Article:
He rubbed his unshaven face, and dried blood flaked into his hand. Great. He needed a shower and an aspirin, but the Boston city jail offered neither. Where the hell was Peter? It had been over an hour.
The sharp edge of the narrow bench he lay on cut into his back, making his already battered body even more sore. He only hoped the other guy felt worse. The jerk had the audacity to call him washed up. For Christ’s sake, he was only twenty-two. He’d accomplished more in the last five years than that asshole would in a lifetime.
Reaching for his phone, he remembered the cops had taken it, along with his wallet and keys. Damn it.
“Garrett Jamieson,” a bored cop with thinning hair announced, unlocking the cell. “You’re free to go.”
“About damn time,” Garrett huffed, rising slowly. He tugged his shirt into place, smoothed back his hair, and followed the officer down a long corridor past several cells with other perps. He couldn’t wait to get away from this hellhole. The officer opened a solid metal security door, and Garrett walked through, relieved to be free.
In the far corner of the waiting room, studying the Most Wanted posters, his brother waited, wearing faded jeans and a gray T-shirt.
“Hey Peter,” he called. “See anyone you know?”
Peter turned with a smirk on his face and his hair still ruffled from bed. “Just checking to make sure your ugly mug isn’t up here.”
Garrett sneered. “It wasn’t my fault.”
“Never is.” Peter sighed. “You realize this is becoming an annoying habit. You’re lucky your Jag is still in the shop from your crash last week, otherwise you might have added drunk driving to your record.”
“Stop acting like an old woman.”
“You have more to worry about than me. Dad isn’t going to be happy about this.”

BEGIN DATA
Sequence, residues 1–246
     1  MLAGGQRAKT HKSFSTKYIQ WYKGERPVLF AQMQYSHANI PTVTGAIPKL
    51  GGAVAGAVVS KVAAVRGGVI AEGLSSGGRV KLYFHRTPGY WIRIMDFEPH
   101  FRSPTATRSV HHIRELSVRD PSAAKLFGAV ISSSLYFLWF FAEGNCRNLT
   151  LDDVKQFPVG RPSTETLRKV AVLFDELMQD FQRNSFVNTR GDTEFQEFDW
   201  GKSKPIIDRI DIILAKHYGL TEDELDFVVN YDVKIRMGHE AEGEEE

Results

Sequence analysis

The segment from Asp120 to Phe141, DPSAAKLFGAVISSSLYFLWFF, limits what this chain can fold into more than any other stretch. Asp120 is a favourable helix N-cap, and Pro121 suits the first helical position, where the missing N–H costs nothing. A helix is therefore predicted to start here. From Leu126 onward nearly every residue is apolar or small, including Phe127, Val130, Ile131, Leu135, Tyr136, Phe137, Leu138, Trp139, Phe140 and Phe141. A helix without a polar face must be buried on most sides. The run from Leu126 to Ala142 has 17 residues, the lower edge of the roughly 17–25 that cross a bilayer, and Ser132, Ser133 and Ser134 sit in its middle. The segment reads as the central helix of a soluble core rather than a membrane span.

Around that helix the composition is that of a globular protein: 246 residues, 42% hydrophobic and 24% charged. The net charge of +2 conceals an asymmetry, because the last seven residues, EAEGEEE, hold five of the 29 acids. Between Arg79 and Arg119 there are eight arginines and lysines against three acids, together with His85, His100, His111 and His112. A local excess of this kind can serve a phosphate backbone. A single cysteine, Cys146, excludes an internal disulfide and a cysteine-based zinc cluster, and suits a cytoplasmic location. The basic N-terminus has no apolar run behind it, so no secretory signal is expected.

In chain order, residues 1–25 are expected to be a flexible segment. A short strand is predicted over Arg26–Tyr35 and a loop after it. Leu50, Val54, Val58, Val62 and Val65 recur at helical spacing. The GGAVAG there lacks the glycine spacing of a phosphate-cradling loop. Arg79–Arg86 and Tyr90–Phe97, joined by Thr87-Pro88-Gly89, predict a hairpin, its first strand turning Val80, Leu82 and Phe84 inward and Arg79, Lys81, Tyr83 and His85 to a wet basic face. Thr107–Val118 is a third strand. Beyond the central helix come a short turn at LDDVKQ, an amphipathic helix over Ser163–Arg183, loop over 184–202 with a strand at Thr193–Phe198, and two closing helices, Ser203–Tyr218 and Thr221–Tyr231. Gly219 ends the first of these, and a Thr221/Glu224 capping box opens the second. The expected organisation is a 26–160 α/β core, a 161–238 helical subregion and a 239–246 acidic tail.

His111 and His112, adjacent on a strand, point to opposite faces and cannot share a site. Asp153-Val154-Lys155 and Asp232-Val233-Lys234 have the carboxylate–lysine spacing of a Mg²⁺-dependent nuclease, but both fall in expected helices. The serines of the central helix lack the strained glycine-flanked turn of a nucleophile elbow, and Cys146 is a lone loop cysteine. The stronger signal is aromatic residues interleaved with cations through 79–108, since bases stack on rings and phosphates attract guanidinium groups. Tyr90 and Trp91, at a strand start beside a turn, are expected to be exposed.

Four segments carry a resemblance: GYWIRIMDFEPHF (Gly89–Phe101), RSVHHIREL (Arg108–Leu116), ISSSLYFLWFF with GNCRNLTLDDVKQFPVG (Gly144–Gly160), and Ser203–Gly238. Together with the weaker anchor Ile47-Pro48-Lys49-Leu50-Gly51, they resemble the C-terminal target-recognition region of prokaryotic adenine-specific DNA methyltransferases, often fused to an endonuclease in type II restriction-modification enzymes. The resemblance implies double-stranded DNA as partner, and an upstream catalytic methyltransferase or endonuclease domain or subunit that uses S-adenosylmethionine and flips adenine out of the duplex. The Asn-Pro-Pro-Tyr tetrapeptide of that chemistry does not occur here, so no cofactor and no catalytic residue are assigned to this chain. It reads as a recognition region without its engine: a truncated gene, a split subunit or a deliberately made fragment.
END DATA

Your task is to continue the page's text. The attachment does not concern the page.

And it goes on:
“No reason Dad needs to hear about it.”
“You’re kidding yourself if you think you can keep this under wraps. A couple of photographers are outside. You’re busted. Again.”
Garrett stepped to the counter and signed his discharge papers.
“At least I know how to live a little. You’re tied down to a ball and chain.”
His brother grinned with a smile that melted millions of young girls’ hearts. “Well, I happen to have the hottest ball and chain on the planet.”
Garrett rolled his eyes as he collected his personal effects. Peter was so in love it made Garrett ill. It’s not like he wasn’t glad for his brother, but Peter and Libby were so damned happy all the time, he wanted to puke.
“Yeah, and you’re missing out on the best years of your life,” Garrett snapped.
“How’s that? I’ve been watching you drink yourself into oblivion, rack up speeding tickets, and pick a fight every chance you get. You don’t look too happy to me.”
“You ever think that maybe you’re to blame?”
“How do you figure that?” Peter asked, opening the door to exit the police station and ducking his head as cameras flashed.
“Seriously?” Garrett stopped suddenly. “You’re the one who broke up the band.”
Angie Stanton never planned on writing books—she wanted to be a Rockette. However, growing up in rural America with her brothers’ 4-H pigs as pets, she found that dance didn’t quite work out. Instead, she became an avid daydreamer. After years of perfecting stories in her head, she began to write them down, and the rest is history. When not writing, she loves watching natural disaster movies, going to Broadway musicals, and dipping French fries in chocolate shakes.
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